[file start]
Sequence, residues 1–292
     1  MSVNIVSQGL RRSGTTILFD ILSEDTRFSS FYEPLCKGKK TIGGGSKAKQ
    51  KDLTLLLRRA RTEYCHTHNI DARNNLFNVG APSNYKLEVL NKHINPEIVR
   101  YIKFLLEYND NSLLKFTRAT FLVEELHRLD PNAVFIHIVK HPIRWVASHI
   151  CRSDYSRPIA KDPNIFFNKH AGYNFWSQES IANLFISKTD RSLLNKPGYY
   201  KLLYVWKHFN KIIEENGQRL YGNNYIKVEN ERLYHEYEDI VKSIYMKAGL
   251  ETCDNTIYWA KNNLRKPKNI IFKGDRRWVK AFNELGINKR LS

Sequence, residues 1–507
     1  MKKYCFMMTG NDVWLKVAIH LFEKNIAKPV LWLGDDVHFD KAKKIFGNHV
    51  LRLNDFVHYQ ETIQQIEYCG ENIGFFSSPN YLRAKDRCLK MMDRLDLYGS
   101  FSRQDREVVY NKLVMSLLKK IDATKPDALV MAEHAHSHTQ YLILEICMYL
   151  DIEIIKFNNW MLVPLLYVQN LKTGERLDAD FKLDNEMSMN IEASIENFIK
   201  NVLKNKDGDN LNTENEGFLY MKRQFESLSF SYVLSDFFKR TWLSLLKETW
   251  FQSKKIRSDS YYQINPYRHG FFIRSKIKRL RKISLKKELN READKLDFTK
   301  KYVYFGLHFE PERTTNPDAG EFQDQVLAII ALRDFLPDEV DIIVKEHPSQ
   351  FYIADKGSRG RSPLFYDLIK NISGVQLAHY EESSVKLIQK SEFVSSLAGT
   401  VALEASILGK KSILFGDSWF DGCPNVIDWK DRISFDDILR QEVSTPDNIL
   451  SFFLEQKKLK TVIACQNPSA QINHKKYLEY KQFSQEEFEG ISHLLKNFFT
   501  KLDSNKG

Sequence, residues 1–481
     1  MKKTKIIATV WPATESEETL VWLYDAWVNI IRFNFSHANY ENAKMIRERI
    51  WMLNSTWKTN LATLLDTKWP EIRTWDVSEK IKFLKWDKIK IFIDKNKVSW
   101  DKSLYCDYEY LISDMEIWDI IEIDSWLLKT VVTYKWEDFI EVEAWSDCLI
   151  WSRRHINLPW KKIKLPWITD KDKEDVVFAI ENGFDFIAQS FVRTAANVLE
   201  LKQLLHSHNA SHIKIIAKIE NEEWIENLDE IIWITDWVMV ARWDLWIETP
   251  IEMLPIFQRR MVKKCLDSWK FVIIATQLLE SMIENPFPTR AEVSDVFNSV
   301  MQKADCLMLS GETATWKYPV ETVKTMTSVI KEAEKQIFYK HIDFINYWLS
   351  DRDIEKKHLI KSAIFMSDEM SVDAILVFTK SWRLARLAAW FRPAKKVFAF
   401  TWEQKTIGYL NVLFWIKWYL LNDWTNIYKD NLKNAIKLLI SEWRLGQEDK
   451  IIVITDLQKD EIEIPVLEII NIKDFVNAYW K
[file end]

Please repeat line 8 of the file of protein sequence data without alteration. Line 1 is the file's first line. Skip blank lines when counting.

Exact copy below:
Sequence, residues 1–507